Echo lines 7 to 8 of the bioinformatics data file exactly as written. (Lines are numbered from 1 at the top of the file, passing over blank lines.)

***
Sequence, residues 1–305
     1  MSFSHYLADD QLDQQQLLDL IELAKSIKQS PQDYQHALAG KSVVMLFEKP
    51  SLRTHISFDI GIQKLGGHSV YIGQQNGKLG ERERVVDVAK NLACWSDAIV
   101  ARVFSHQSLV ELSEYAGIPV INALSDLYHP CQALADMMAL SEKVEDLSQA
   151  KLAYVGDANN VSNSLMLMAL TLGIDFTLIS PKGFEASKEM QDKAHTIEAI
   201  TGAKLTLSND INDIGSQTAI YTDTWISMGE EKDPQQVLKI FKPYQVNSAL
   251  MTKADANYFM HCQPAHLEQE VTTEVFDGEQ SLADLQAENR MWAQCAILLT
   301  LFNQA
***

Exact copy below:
   251  MTKADANYFM HCQPAHLEQE VTTEVFDGEQ SLADLQAENR MWAQCAILLT
   301  LFNQA